Schools across the country are grappling with the Obama administration's request that public schools allow transgender students to use the bathroom of the gender that corresponds with their identity, but the Pleasanton school district's policies have long allowed students this choice.
Pleasanton's rules state students may pick which bathroom to use based upon which gender they most identify with, schools spokesman Patrick Gannon said. Those rules have been in place since 2014.
"The district will accept a student's asserted gender identity, where different from the student's biological gender, when there is evidence that it is a sincerely held part of the student's identity, and is consistently, exclusively and/or uniformly asserted at school," the district's administrative regulation rules state.
Those rules apply to all Pleasanton school bathrooms and locker rooms.
The letters sent last week to school districts across the country didn't have legal authority, but the letters suggested the possibility of lawsuits or stripping of federal funding if districts didn't comply.
"As a condition of receiving federal funds, a school agrees that it will not exclude, separate, deny benefits to, or otherwise treat differently on the basis of sex any person in its educational programs or activities unless expressly authorized to do so under Title IX or its implementing regulations," the eight-page letter reads.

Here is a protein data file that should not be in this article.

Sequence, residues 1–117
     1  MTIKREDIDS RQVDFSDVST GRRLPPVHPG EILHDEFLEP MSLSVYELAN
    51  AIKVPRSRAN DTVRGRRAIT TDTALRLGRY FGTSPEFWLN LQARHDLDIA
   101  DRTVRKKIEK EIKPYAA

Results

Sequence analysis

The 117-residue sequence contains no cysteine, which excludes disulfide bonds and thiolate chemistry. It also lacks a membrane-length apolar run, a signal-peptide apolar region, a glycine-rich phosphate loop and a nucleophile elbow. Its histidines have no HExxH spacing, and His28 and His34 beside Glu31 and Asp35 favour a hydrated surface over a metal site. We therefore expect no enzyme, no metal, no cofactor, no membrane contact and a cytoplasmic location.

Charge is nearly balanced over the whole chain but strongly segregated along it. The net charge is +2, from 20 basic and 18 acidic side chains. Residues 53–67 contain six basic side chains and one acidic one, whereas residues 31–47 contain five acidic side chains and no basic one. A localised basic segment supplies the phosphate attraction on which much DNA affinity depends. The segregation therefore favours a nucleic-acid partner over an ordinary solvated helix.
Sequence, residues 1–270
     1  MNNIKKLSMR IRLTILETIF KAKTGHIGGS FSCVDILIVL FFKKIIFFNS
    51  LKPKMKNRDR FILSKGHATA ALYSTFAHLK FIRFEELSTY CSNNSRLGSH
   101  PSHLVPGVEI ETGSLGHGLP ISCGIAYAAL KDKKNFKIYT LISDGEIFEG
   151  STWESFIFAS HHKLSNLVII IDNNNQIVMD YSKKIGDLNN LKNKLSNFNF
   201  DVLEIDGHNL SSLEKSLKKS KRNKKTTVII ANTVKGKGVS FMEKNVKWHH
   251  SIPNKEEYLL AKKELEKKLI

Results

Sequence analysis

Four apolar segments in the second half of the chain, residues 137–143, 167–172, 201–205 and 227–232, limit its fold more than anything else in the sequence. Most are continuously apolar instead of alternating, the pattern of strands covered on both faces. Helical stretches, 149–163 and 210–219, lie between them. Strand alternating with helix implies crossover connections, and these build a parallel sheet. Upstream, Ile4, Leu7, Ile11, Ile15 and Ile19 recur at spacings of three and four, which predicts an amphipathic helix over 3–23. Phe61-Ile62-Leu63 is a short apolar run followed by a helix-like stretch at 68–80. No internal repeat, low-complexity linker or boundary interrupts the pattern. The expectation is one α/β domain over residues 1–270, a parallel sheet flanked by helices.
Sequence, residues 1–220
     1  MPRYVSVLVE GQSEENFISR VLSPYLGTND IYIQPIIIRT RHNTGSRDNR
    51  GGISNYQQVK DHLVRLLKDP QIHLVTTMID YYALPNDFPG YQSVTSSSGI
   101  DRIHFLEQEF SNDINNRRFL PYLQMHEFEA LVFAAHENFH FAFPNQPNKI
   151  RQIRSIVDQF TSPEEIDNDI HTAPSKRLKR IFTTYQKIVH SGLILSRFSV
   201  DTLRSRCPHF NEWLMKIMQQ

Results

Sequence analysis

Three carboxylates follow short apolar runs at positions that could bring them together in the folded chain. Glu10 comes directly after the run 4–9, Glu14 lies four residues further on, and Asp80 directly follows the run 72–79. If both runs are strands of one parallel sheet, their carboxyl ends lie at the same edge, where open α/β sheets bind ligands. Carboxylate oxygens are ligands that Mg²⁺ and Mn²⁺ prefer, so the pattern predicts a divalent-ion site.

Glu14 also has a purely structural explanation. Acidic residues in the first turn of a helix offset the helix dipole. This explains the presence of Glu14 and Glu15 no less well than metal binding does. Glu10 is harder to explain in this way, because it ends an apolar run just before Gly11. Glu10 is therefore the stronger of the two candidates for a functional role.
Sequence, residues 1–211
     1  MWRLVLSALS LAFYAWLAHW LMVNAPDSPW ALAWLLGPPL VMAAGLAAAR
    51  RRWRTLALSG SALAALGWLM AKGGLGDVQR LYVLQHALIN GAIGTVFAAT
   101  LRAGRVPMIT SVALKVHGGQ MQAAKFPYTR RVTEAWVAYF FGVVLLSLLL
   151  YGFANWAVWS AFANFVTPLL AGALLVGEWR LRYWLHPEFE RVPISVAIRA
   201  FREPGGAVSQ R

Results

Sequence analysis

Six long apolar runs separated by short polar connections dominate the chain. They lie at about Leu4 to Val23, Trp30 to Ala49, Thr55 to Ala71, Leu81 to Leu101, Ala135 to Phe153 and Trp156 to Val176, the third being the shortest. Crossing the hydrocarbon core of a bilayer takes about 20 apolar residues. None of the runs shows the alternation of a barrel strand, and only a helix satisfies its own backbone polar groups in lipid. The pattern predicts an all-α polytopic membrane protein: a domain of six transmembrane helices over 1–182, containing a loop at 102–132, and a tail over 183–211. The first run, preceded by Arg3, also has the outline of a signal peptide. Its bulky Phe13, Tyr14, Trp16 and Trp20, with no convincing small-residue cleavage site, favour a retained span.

The letter adds that schools must treat a student's gender identity as the student's sex for purposes of Title IX and its implementing regulations. This means that a school must not treat a transgender student differently from the way it treats other students of the same gender identity."
However, California schools adjusted to this change back in 2013 when California Gov. Jerry Brown signed a bill that required public schools to allow transgender students to choose bathroom facilities and compete on sports teams based upon their gender identity, not their biological gender.
For example, a student who is biologically female but identifies as male and considers himself a male would be able to compete on an all-boys team, rather than an all-girls team.
Gannon said in the two years since the district changed its rules to be compliant with the state law, the Pleasanton district has not had any incidents or major complaints related to the policy.
Some Pleasanton schools also include gender neutral single-stall bathrooms, which any student can use.
Amador Valley High School's office bathrooms are designated as "gender neutral," interim principal Mike Williams said, and the gender neutral signs were among the first purchase he made when he was appointed principal.
"I want all students to have access and feel safe while they are at school," he said.